LAKE BUENA VISTA, Fla. -- Tommy Hanson's right shoulder is fine and it has been more than two weeks since he has experienced any symptoms of a concussion. Now the Braves' right-hander would simply like to experience something resembling a normal start.
Given the misfortune Hanson has encountered since last year's All-Star break, he was not shocked to take the mound against the Blue Jays on Sunday afternoon with a heavy rain shower pelting him. This was his first appearance in a game since Aug. 6 and it proved to be shorter than expected. A rain delay forced him to end his outing with two runners on base and nobody out in the second inning.
"The first inning was a lot more fun than the second," Hanson said. "I was getting balls that were soaked and wet and the mound was drenched. But it was still fun. When I was out there, I was just laughing about it because I was glad to be back out there on the mound. It was fun to compete again. It was one of those conditions where I didn't really care what happened because it didn't matter. It was almost like I was a little kid playing in the rain again."
With the miserable conditions, the Braves were certainly not concerned about the fact that Hanson allowed a two-run homer to Jeff Mathis and issued consecutive walks before rain halted play in the second.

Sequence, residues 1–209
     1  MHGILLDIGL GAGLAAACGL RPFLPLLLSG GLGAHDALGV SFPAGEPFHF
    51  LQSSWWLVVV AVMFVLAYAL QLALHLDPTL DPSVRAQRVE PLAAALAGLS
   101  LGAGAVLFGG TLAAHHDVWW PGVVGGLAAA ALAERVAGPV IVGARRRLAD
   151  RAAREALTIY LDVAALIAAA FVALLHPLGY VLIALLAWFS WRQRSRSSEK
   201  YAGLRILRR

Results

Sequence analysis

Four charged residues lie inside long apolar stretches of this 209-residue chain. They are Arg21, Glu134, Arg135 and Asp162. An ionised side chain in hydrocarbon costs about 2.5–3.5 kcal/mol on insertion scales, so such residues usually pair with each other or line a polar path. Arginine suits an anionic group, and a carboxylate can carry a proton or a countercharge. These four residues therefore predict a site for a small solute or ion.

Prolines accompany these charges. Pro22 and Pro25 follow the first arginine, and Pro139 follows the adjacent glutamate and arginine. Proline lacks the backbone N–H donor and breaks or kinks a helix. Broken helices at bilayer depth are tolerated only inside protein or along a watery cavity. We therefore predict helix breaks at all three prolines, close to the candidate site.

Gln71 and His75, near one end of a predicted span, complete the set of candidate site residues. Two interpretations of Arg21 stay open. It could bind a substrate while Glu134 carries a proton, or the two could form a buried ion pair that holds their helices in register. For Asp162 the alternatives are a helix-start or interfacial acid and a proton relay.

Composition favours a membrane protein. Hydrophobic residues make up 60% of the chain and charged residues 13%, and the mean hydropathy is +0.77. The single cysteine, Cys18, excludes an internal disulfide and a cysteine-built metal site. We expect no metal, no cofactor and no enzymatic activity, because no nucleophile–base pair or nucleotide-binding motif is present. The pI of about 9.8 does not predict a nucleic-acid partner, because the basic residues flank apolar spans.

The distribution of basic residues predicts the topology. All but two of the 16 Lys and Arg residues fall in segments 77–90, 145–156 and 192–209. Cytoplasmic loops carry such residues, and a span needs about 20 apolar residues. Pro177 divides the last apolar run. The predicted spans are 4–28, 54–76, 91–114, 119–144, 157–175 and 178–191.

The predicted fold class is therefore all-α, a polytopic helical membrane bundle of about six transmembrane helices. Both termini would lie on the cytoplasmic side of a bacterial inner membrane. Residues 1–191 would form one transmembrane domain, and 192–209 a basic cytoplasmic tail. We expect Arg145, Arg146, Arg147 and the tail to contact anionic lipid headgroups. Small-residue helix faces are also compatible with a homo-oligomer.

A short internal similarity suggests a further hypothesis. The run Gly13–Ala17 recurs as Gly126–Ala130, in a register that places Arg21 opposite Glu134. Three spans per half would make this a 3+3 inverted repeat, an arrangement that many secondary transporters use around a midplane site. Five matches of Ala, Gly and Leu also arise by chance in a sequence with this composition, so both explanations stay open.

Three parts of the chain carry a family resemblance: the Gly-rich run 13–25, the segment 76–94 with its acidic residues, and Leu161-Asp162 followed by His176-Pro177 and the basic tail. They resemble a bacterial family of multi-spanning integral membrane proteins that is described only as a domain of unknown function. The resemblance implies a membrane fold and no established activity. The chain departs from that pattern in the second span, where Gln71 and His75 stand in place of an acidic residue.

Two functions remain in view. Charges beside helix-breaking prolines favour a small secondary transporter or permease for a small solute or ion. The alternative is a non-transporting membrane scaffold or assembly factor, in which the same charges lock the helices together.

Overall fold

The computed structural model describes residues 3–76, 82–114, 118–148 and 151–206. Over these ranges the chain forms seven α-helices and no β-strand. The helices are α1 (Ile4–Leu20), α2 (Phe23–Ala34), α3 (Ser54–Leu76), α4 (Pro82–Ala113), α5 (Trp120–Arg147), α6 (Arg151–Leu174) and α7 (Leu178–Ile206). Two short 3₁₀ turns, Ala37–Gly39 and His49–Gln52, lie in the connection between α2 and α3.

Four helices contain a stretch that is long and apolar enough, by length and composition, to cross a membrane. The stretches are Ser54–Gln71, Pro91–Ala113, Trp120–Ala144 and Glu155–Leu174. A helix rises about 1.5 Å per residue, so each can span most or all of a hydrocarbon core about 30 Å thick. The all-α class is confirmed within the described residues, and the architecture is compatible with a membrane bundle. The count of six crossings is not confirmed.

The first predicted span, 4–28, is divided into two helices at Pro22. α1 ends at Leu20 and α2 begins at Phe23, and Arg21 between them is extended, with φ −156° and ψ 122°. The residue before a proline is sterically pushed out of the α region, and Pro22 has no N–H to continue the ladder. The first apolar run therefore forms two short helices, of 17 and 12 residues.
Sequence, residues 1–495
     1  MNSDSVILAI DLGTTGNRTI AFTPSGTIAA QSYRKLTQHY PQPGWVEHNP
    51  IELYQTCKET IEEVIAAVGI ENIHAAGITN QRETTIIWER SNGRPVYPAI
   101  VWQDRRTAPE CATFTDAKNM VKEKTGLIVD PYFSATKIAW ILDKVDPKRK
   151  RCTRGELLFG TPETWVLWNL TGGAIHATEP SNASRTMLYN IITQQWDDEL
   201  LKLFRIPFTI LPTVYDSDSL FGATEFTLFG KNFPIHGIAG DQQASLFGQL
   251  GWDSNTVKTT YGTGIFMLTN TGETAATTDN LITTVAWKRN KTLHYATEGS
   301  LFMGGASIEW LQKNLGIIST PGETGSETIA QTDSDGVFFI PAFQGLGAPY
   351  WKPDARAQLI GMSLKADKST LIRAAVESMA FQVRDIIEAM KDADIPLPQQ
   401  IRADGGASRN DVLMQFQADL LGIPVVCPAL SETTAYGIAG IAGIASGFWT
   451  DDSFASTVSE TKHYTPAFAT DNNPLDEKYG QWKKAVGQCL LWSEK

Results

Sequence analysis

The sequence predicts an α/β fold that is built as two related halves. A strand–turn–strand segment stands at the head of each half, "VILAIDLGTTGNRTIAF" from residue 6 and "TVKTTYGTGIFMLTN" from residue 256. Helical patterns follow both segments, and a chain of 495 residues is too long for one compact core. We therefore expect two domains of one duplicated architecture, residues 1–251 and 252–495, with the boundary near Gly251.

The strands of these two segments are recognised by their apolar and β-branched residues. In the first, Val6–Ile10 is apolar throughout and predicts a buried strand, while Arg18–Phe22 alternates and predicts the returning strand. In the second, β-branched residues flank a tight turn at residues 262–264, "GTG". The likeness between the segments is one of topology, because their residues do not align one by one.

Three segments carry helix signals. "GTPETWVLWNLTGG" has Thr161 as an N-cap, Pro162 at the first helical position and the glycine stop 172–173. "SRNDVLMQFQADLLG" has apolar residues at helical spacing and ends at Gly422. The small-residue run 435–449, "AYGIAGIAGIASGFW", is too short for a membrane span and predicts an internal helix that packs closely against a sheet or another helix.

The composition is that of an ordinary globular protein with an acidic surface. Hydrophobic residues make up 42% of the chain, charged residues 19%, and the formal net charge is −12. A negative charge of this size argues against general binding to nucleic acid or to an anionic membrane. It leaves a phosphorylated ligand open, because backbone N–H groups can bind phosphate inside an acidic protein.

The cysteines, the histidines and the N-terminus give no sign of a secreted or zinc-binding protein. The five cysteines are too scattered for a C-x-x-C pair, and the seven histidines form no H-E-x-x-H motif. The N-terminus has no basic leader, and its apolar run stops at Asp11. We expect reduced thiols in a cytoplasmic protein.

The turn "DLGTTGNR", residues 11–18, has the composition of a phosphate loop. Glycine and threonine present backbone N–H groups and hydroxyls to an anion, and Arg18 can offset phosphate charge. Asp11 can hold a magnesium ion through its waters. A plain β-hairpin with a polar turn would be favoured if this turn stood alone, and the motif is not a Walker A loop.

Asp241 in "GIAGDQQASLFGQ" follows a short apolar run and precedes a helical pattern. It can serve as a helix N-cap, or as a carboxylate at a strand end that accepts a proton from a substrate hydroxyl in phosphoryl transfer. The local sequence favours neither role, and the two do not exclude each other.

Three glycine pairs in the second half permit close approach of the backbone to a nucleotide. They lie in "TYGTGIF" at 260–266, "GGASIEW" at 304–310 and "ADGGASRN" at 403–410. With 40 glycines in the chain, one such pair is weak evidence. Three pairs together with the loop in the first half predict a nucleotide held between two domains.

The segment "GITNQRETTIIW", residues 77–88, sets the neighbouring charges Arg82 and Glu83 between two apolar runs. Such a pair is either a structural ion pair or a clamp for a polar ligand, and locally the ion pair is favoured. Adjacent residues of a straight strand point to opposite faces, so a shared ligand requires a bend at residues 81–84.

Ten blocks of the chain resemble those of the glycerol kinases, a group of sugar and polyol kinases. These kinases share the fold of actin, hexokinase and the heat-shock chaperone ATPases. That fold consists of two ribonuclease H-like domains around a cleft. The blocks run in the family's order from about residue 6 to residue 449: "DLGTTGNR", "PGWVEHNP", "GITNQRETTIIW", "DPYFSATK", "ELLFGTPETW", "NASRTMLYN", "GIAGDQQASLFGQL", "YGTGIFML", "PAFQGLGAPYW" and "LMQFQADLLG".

Manager Fredi Gonzalez was more interested in the improvements Hanson has made since altering his delivery in January. The alterations were made to lessen the strain on his right shoulder, which sidelined him for the final two months last year, and to improve his defense against potential basestealers.
The Braves timed his delivery to the plate at 1.4 seconds on Sunday. With the much more exaggerated hitch he had in his delivery, Hanson was consistently timed at 1.8 last year.
"In baseball terms, that tells a runner, 'Yes, you can go,' and that's not so easy anymore," Gonzalez said. "You eliminate the mediocre baserunners when you go 1.3 or 1.4. The guys like [Jose] Reyes and your top-tier basestealers -- Michael Bourn -- that time is still go for them. But you eliminate a lot of the average baserunners."
Hanson's new delivery still includes a hitch that is not nearly as exaggerated as it had been and it occurs before his arm passes his shoulder. His previous delivery included a pause when his arm was perpendicular with his shoulder.
After being sidelined for more than a week because of a concussion suffered in a Feb. 20 auto accident, Hanson said he immediately regained comfort with this new delivery.
"I felt great," Hanson said. "Obviously, my command was a little bit off, but my body felt really good. I made some good pitches at times. I just wasn't as consistent as I needed to be. But that was my first game and my body felt good. That was the key for me."